Eric Winter 1905 - Artist. You may not recognise his name, but I would wager that you have seen examples of his artwork. Did you ever read Ladybird books when you were young... That’s books published by Ladybird... not books about ladybirds. Ahem, anyway, the chances are that he was the man responsible for the pictures. In fact, here is an example...

Blasted birds sh*tt*ng on my washing again!

James Mason 1909 - Actor. He was in loads of films and TV series; 155 according to IMDb. He played Erwin Rommel in The Desert Fox, a role he reprised two years later in The Desert Rats. There was to be a third in the series but, sadly, The Desert Hamsters never saw the light of day.

Michael Barry 1910 - Television producer in the early days of the Beeb Beeb Ceeb. Famously oversaw the 1954 production of George Orwell’s Nineteen Eighty-Four which caused outrage due to its supposedly horrific scenes. Barry appeared on Panorama the night after the live screening to defend the production.

Norrie Paramor 1914 - Record producer, composer, arranger, pianist, bandleader and orchestral conductor. In fact, a right old smarty boots. He produced records for... deep breath... Cliff Richard, The Shadows, Ruby Murray, Eddie Calvert, Michael Holliday, Frank Ifield, The Mudlarks, The Avons and Ricky Valance. I think a clip is in order. Here’s a tune called Soul Coaxing.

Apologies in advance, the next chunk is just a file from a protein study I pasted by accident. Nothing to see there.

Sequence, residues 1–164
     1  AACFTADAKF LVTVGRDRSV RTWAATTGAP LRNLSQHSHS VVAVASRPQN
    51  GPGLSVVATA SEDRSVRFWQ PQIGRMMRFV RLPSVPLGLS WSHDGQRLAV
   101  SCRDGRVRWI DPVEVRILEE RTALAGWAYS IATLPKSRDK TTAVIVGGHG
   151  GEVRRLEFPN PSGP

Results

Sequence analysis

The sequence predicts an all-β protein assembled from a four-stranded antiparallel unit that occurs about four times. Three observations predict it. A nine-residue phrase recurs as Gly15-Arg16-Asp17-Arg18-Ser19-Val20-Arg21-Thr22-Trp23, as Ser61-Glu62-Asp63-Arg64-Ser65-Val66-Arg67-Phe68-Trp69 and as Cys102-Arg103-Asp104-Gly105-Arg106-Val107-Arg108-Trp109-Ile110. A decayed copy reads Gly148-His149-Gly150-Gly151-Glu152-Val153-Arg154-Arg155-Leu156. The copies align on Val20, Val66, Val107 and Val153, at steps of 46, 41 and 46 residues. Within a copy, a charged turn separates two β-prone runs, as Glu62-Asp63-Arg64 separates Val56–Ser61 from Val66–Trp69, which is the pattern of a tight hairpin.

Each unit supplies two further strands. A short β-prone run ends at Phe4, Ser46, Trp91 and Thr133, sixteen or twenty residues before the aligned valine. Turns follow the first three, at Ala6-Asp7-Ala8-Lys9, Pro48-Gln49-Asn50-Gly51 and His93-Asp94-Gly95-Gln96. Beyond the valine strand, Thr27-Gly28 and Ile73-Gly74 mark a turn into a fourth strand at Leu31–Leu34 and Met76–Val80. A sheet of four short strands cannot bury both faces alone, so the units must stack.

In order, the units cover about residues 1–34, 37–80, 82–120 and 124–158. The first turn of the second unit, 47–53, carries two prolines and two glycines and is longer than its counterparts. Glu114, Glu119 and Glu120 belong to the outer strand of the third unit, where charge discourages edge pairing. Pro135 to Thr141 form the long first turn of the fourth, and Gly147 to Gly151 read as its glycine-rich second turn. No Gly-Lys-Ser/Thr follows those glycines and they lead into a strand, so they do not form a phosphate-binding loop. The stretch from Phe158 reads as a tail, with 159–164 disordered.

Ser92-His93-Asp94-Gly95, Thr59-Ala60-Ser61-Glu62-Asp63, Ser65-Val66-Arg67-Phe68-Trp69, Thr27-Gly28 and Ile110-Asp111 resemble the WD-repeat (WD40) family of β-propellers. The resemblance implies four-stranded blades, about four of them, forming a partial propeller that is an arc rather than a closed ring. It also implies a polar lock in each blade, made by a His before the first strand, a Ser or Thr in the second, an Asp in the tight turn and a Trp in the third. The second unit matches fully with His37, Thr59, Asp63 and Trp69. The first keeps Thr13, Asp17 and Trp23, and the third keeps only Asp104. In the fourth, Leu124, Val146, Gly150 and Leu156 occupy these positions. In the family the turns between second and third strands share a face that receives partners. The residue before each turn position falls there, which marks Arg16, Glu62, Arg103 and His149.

Jack Watson 1915 - Actor. Andie in 1978’s Kidnapped and James Stewart in 1971’s Kidnapped... Hang on a mo. Factoid: He started his theatrical career as half of a double act with his father whose stage name was Nosmo King... Oh how we laughed.

Richard Tompkins 1918 - Print, advertising and retail entrepreneur. Who, I hear you ask. Well, I’ll tell you. He came up with the idea of Green Shield stamps. You what? Supermarkets would give out these trading stamps to customers. It was like a loyalty bonus; the more goods you bought, the more stamps you received. When you had licked enough stamps and filled enough books, you took them to the Green Shield Stamp shop to exchange them for goods. Britain loved such things in the sixties. I suppose it was better than those vouchers given with cigarettes; at least you didn’t have to give yourself lung disease to get hold of that carriage clock. Any road up, old Richard wasn’t so daft; he realised that supermarket bosses preferred their own loyalty schemes and were turning their backs on stamps. What did he do? He changed his shops that accepted stamps into shops that accepted dosh and renamed them Argos. The rest, as they say, is history.